The current ‘shiny black rectangle’ era needs to evolve, because the ‘shiny’ part of that equation is highly breakable, even when it’s made of Corning’s Gorilla Glass. Apple have put design at the forefront, which has paid dividends; all someone has to do now is find a way to include tougher, more durable materials. That means silicon, rubber and carbon fibre. Motorola tried this with their waterproofed, Kevlar-backed RAZR. It didn’t work, but that shouldn’t stop other innovation. Everyone’s waiting to see what Apple will do with Liquidmetal, a space age material that they hold the exclusive rights to utilize for mobile technology. Liquidmetal is an ultra tough alloy that is formed like a glass at the molecular level, rather than as a crystal structure as most metals are. Glass is far harder than steel (though more brittle), and steel is far more durable, if that makes sense. Combining the best properties of both should reveal shiny, unbreakable gadgets that don’t scratch – but making 100 million of them with a new, hard to manufacture material might be too much even for Apple.

HTC use polycarbonate plastic in their One X, which has made it nice to hold and looks great. But it’s less recyclable than aluminium. Bamboo bodies have been included in some niche products, but it will take a major push from a manufacturer to get big amounts of people into that. RIM has always and continue to use leather, rubber and silicon to make their lousy products a pleasure to hold – but no-one cares.

Someone will need to make a great phone that is completely recyclable, extremely durable, uses little power and looks fantastic. Get on to it, nerds!

   Long Term – We Don’t Need No Stinking Phones

                google glasses


Google has been showing off prototypes of Google Glasses for a couple of weeks now, and they look completely ridiculous – but hey, so does holding up a slab of plastic to your ear when placed out of context. The idea of moving communications to Heads-Up Displays (HUD) is coming closer and closer – and Apple filed their own patent this week for their own take on this idea. Right now, it’s just a little too cold and silly looking for most people to get their heads around, in and up inside of – but that doesn’t mean it isn’t the next logical step in the evolution of this technology.

Or is it? I’ve often thought that the success of the mobile phone has as much to do with what it is as what it does. It’s a tool, held in the hand, roughly the size of a hand axe. I honestly believe this triggers a very primitive response in humans. Wallets, keys, swiss army knives, multitools, lighters – and even a pack of cigarettes – there’s just something innately human about having a hand held, sophisticated device in the hand.

Really, smartphones are evolutions of the computer, not of the mobile phone. With phones packing several computing cores (unheard of even in desktops just a few years ago), we’re nearing a point where your phone is your computer. Operating systems are merging to desktop/mobile equivalency with Windows 8, and to a lesser extent with Apple OS 10.8 Mountain Lion.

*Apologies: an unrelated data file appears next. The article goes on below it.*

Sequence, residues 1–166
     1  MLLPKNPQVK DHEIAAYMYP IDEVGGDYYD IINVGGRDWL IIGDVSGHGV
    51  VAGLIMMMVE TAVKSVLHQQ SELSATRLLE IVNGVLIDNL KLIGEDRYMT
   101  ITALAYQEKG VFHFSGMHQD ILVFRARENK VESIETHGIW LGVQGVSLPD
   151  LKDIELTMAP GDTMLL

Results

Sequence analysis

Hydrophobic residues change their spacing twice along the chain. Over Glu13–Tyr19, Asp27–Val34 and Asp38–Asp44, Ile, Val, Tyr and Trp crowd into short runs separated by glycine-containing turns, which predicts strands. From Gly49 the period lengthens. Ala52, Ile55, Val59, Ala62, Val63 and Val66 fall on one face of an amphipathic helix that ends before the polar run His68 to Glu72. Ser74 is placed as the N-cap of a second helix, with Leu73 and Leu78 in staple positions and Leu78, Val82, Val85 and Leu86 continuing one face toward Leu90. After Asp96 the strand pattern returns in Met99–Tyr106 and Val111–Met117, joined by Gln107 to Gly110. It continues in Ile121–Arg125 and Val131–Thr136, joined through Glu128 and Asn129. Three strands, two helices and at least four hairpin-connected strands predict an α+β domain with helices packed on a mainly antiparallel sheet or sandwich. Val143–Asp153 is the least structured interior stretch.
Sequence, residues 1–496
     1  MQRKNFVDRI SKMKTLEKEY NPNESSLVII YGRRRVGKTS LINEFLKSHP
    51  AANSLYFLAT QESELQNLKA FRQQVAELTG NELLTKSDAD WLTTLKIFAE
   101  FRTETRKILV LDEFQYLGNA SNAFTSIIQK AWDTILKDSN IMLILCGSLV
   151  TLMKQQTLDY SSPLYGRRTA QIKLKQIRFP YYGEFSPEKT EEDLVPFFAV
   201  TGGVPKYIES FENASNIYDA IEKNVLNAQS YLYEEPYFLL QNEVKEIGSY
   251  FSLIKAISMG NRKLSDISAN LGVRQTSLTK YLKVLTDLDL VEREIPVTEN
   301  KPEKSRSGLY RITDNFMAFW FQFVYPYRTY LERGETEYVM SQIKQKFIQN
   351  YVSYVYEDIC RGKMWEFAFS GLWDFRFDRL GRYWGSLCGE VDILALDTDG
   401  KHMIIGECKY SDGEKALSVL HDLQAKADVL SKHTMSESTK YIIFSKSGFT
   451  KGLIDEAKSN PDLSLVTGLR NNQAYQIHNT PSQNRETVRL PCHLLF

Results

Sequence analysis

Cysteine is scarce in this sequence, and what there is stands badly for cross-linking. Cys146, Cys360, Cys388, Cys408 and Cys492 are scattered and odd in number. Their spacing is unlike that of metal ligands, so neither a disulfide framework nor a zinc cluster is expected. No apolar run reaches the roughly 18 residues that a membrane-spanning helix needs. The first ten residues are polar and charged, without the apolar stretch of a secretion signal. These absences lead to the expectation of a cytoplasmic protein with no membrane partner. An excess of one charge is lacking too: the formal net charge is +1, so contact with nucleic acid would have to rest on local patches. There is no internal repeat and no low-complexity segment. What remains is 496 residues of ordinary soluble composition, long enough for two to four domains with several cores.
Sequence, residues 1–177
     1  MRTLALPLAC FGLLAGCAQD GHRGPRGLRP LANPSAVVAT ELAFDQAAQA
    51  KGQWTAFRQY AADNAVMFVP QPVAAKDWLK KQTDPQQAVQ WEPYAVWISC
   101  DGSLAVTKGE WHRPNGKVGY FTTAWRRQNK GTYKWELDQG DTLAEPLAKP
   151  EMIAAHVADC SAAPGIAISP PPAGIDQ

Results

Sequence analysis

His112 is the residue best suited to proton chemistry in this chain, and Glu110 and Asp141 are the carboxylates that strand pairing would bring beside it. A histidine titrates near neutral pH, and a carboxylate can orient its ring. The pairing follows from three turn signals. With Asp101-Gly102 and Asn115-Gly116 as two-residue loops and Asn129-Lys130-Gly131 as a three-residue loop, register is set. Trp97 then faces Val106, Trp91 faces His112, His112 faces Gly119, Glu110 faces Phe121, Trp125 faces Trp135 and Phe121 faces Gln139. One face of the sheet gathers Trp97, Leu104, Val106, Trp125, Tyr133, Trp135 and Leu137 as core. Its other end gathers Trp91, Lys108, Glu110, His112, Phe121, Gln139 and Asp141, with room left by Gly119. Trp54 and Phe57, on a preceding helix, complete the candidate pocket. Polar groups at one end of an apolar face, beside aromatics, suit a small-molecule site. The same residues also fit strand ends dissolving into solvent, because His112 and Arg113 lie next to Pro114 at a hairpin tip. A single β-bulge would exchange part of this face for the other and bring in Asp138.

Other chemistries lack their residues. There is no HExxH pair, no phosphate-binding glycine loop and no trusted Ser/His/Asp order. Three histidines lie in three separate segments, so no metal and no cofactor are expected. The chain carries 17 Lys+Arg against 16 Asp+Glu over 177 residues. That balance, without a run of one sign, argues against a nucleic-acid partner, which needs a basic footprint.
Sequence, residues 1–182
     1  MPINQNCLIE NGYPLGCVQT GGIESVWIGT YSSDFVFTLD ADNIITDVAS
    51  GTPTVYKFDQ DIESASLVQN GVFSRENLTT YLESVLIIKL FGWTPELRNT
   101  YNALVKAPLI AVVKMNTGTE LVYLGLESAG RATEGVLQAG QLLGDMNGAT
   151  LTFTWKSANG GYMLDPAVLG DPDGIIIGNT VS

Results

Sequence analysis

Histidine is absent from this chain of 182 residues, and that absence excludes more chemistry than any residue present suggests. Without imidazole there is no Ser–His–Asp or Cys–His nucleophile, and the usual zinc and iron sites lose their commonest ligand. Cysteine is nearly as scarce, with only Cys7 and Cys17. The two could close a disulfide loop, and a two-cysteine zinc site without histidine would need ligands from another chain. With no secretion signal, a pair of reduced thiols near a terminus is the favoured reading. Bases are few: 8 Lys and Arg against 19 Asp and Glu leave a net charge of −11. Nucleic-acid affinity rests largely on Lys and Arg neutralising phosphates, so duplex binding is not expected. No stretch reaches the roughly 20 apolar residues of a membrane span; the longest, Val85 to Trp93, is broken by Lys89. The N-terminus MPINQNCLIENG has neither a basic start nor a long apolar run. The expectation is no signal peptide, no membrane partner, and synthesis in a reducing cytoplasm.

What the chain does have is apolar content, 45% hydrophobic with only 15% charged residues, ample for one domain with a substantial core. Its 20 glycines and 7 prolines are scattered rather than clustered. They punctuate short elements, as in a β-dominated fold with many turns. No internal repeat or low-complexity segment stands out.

So here’s a scenario from a few years into the future.

-    You have your ‘phone’ in your pocket. Calls and music are handled by stereo Bluetooth headphones, vastly smaller and with better audio fidelity than current models. You wear glasses that pop up a non-intrusive HUD when you send a voice command for weather or other info. Video and Web are available, but unpopular – driving with it is obviously dangerous, and watching video on private HUD on public transport recalls too many bad sci-fi movies where everyone in the future is a mindless idiot.

-    When you get to work, you tell the phone to change profile to office.

-    You pair your computer to a monitor using AirPlay (or similar software).

-    Your wireless, solar powered keyboard and mouse will pair automatically to your phone when in range. Other peripherals used by architects, graphic artists, engineers and the like can also be paired. Essentially, the phone is acting as a PC.

-    The phone can run full applications like we do know, thank to its multi core, Intel processor.

-    Your phone is lost/stolen/left at home/not working. The office has numerous spares. Your saved work and profile are all saved to the cloud or server backup; you get a work spare and use that until your own unit is replaced.

-    When you get home, you switch the profile to HOME – MIX AV AND BROWSING. The phone outputs to your flatscreen, showing a mix of web pages and online TV in separate windows.

-    Dinner time! Switch profile to BACKGROUND MUSIC, PLAYLIST ‘BACKGROUND’ 20% VOLUME.

It’s easy to suggest that this is all eye-rolling fantasy, except for the fact that all of this technology exists in bits and pieces, right now. To suggest that it won’t go in this direction, just because there’s no elegant, simple way to make all this work in harmony yet, is shortsighted. That’s what the competition did when it was suggested that Apple was going to release a capacitative touch screen mobile phone with a 3.5 inch screen in 2007. Too Big! It’ll run out of battery in 20 minutes! People like hardware buttons!

So it’s encouraging to see that everyone is working hard to bring all of this home in the next decade or so. Then we can work on other things, like finally making hoverboards a reality.